Struggling NFL Rookies Who Can Break out in 2022

Kristopher Knox@@kris_knoxFeatured ColumnistDecember 13, 2021

Struggling NFL Rookies Who Can Break out in 2022

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    Matt Rourke/Associated Press

    Any fan who has followed the NFL for a while knows that it's always unwise to judge a player on a single season. Rookies can struggle for a variety of reasons—inexperience and a bad supporting cast being two big ones—only to emerge as stars in the following years.

    Buffalo Bills quarterback Josh Allen is a prime example of this. He posted a dismal 67.9 passer rating as a rookie in 2018 but has since become one of the league's most dynamic dual-threat signal-callers.

    Here, we'll examine seven early 2021 draft picks who have largely disappointed this season. We'll dive into why they've failed to meet expectations and how they can change the narrative in 2022.

    Players who have missed significant time to injuries this year will be avoided, and players are listed in alphabetical order.

Rashod Bateman, WR, Baltimore Ravens

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    Terrance Williams/Associated Press

    Baltimore Ravens quarterback Lamar Jackson quickly became a star in the NFL, winning the regular-season MVP award in only his second year. However, Jackson has had room to improve as a volume passer.

    Jackson's 401 passing attempts in 2019 remain a career-high.

    In Jackson's first three seasons, he lacked a true No. 1 wide receiver on the perimeter. The selection of Minnesota wideout Rashod Bateman at No. 27 overall was supposed to change this. The early return on investment has been disappointing.

    To be fair, Bateman did open the season on injured reserve following groin surgery. However, he's been in the lineup since Week 6, and his production has been very inconsistent. Bateman has three games of 80 receiving yards and four with fewer than 32.

    Bateman has provided a passer rating of just 55.6 when targeted.

    With Bateman getting a late start to the season, he hasn't had many opportunities to develop chemistry with Jackson. He's also part of a passing offense that runs through Mark Andrews and Marquise Brown, so in critical situations, Jackson isn't looking in the rookie's direction often.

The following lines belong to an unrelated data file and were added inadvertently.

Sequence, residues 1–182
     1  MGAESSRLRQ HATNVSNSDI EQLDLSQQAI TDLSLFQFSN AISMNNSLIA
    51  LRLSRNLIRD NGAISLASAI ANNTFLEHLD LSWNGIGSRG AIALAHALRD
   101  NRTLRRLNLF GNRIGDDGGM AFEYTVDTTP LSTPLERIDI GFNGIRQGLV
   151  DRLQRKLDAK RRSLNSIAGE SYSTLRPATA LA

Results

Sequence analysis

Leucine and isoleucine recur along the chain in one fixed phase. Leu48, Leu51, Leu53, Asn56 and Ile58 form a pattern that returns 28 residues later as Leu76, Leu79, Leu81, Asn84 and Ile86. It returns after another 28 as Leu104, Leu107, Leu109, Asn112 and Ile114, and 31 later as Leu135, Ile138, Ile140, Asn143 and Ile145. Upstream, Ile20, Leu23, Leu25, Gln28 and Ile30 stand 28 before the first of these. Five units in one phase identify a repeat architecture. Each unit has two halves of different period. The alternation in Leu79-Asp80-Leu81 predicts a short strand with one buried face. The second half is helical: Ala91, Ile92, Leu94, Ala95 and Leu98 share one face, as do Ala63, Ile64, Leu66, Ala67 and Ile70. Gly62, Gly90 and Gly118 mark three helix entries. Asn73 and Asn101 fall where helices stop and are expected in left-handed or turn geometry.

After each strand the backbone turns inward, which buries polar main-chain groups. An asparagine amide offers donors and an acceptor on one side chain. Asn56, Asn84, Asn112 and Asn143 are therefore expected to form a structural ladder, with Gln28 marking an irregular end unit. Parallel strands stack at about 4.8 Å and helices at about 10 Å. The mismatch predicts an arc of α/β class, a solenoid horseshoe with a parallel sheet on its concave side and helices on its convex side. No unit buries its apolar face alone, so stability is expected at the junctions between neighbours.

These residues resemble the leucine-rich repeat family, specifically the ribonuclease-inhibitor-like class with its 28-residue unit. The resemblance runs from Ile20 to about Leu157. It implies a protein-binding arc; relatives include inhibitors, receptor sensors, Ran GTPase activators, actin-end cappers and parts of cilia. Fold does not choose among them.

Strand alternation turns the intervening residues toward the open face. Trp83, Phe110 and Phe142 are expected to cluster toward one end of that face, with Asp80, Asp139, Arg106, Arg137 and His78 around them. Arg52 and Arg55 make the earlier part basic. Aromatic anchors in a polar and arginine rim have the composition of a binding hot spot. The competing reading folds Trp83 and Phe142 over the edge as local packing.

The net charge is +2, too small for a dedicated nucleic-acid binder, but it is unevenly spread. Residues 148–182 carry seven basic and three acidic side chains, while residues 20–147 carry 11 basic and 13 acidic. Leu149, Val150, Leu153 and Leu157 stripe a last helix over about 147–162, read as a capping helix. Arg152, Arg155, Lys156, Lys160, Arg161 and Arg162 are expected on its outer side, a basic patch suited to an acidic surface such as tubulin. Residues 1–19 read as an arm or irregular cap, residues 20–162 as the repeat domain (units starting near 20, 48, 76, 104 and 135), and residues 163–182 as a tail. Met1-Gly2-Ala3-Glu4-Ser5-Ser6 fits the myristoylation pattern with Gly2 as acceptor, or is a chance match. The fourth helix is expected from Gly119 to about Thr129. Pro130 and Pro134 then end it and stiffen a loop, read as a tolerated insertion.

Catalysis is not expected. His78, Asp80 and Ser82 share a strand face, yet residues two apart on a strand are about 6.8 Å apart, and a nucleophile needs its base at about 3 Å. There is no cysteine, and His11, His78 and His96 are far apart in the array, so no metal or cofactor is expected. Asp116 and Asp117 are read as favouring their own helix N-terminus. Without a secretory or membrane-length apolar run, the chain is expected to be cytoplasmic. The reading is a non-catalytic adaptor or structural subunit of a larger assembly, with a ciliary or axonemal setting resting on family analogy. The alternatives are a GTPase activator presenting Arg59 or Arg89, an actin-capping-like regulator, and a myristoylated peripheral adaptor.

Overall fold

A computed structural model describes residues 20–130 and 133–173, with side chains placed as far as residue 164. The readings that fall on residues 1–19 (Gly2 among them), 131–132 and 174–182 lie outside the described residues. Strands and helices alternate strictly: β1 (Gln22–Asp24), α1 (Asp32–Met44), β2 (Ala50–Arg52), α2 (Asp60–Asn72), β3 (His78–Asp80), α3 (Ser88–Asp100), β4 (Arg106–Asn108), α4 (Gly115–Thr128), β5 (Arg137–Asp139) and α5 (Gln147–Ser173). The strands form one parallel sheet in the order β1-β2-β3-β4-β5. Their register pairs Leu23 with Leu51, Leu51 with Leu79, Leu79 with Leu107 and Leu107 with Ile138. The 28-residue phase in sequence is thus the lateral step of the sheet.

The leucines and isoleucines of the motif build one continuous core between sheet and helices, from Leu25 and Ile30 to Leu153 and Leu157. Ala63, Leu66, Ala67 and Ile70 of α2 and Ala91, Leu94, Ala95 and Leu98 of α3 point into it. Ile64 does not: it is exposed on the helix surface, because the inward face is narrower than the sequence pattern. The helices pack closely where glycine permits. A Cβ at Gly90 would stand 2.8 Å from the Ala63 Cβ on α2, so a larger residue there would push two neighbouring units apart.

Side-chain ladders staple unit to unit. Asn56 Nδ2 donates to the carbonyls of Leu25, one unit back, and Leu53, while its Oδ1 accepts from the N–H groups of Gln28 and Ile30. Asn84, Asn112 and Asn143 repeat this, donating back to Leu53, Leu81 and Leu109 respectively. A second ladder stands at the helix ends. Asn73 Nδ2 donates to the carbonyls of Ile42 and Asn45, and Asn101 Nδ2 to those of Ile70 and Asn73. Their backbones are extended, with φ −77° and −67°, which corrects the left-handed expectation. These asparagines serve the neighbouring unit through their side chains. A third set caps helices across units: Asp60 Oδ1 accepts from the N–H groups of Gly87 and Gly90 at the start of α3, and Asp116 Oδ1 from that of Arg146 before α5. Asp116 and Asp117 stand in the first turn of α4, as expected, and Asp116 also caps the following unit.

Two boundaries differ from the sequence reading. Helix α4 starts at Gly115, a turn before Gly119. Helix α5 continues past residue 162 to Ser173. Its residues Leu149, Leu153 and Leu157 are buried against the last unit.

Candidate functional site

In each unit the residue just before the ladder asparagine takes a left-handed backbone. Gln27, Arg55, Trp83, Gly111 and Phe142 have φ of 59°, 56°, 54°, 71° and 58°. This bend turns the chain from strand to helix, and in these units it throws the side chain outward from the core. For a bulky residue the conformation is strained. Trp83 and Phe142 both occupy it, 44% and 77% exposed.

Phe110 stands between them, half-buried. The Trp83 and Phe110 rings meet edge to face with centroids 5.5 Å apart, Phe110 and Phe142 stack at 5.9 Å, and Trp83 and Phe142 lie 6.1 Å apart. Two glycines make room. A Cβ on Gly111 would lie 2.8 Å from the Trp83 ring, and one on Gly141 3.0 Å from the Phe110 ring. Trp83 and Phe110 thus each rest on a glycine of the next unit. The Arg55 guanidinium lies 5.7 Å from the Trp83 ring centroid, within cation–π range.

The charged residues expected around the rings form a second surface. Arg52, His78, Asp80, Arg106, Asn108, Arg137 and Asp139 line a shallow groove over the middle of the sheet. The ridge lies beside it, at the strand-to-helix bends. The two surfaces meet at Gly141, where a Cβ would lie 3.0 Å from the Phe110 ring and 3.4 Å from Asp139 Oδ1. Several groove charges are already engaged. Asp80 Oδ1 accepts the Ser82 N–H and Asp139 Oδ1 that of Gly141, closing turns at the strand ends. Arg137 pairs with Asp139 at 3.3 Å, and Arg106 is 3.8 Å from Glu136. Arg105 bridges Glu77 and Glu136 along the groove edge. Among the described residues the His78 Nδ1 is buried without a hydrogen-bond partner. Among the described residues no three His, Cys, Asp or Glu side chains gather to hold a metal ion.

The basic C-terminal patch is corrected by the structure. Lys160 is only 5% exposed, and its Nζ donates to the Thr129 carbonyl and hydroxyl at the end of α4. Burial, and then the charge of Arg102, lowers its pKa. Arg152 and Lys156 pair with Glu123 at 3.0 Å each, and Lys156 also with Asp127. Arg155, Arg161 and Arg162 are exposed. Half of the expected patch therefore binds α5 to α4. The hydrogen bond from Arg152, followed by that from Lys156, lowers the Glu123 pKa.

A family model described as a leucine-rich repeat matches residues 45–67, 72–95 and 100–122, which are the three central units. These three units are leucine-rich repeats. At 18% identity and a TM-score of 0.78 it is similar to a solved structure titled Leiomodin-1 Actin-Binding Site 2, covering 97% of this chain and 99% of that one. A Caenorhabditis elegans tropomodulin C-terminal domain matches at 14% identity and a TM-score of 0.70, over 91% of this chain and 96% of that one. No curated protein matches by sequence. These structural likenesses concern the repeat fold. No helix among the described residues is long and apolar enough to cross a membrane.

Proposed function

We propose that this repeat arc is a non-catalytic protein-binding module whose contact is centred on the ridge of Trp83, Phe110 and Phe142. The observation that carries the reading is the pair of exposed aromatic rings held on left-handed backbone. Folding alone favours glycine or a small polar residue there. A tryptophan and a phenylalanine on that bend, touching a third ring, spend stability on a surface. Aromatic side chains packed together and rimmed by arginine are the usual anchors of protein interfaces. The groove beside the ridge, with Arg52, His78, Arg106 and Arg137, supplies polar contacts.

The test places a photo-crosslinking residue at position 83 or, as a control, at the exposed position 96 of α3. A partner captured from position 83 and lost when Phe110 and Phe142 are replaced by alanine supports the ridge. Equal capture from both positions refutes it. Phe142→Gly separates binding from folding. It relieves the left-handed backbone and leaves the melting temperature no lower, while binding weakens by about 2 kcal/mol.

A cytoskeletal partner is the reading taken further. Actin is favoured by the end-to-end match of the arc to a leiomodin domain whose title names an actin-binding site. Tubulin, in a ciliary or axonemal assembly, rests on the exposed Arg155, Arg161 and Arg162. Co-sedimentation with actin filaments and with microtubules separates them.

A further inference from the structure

Batemen had just five targets and four receptions combined in close games against the Cleveland Browns and Pittsburgh Steelers in Weeks 12 and 13. He had a strong performance in Week 14, breaking the 100-yard barrier for the first time in his career, though Jackson missed the bulk of the contest with an ankle injury.

    Things should change as Bateman gets more experience and more reps with Jackson. Receivers often make a jump in Year 2, and it should be no different for Bateman.

Jamin Davis, LB, Washington Football Team

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    Nick Wass/Associated Press

    The Washington Football Team drafted former Kentucky linebacker Jamin Davis with the 19th overall pick. The thought, at the time, was that Davis would be another piece of ammunition for a dominant Washington defense—one that ranked second overall and fourth in points allowed.

    However, Washington's defense has taken a major step back this season, and Davis has merely been average.

    Davis stepped into a full-time starting role in Week 7 and has played 57 percent of the defensive snaps. Davis has compiled 57 tackles, but big plays have been few and far between. Davis has no sacks, interceptions or forced fumbles and has only three quarterback pressures.

    With nine missed tackles and an opposing passer rating of 108.9 allowed, Davis has not lived up to his draft status.

    A year of seasoning should help Davis in the coverage department, while an improved supporting cast should allow him to make more impact plays. Specifically, Washington needs to upgrade a secondary that ranks 30th in passing yards per game allowed.

    Sacks and turnovers should come for Davis if opponents aren't regularly shredding Washington's back end.

Richie Grant, S, Atlanta Falcons

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    Gary McCullough/Associated Press

    In terms of raw numbers, Atlanta Falcons safety Richie Grant has not met expectations. The Central Florida product was taken 40th overall and was expected to make an immediate impact on a Falcons pass defense that ranked dead-last in yards allowed in 2020.

    Fans may be upset that Grant hasn't been a big-time contributor thus far.

    The rookie played only sparingly over the first few weeks of the season, and he played just 25 percent of the defensive snaps heading into Week 14—he missed Sunday's game with an ankle injury. While Grant does have 27 tackles, one forced fumble and one pass deflection, he has allowed an opposing passer rating of 110.2

    The reality, though, is that Atlanta is taking a patient approach with Grant and his development. Grant, to his credit, has bought into that plan.

    "I've been sticking to it since I got here, and it's starting to pay off," Grant said, per Scott Bair of the team's official website. "I'm getting more snaps and opportunities, and I'm doing better in practices. That's translating to games, to making plays."

    More experience and more opportunities should translate to more production for Grant. In coverage, Grant should also benefit from an improved pass rush. Atlanta has just 16 sacks as a team on the season.

Trevor Lawrence, QB, Jacksonville Jaguars

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    Wade Payne/Associated Press

    Jacksonville Jaguars quarterback Trevor Lawrence has shown some flashes of promise, but he hasn't performed like the "generational" quarterback he is supposed to be.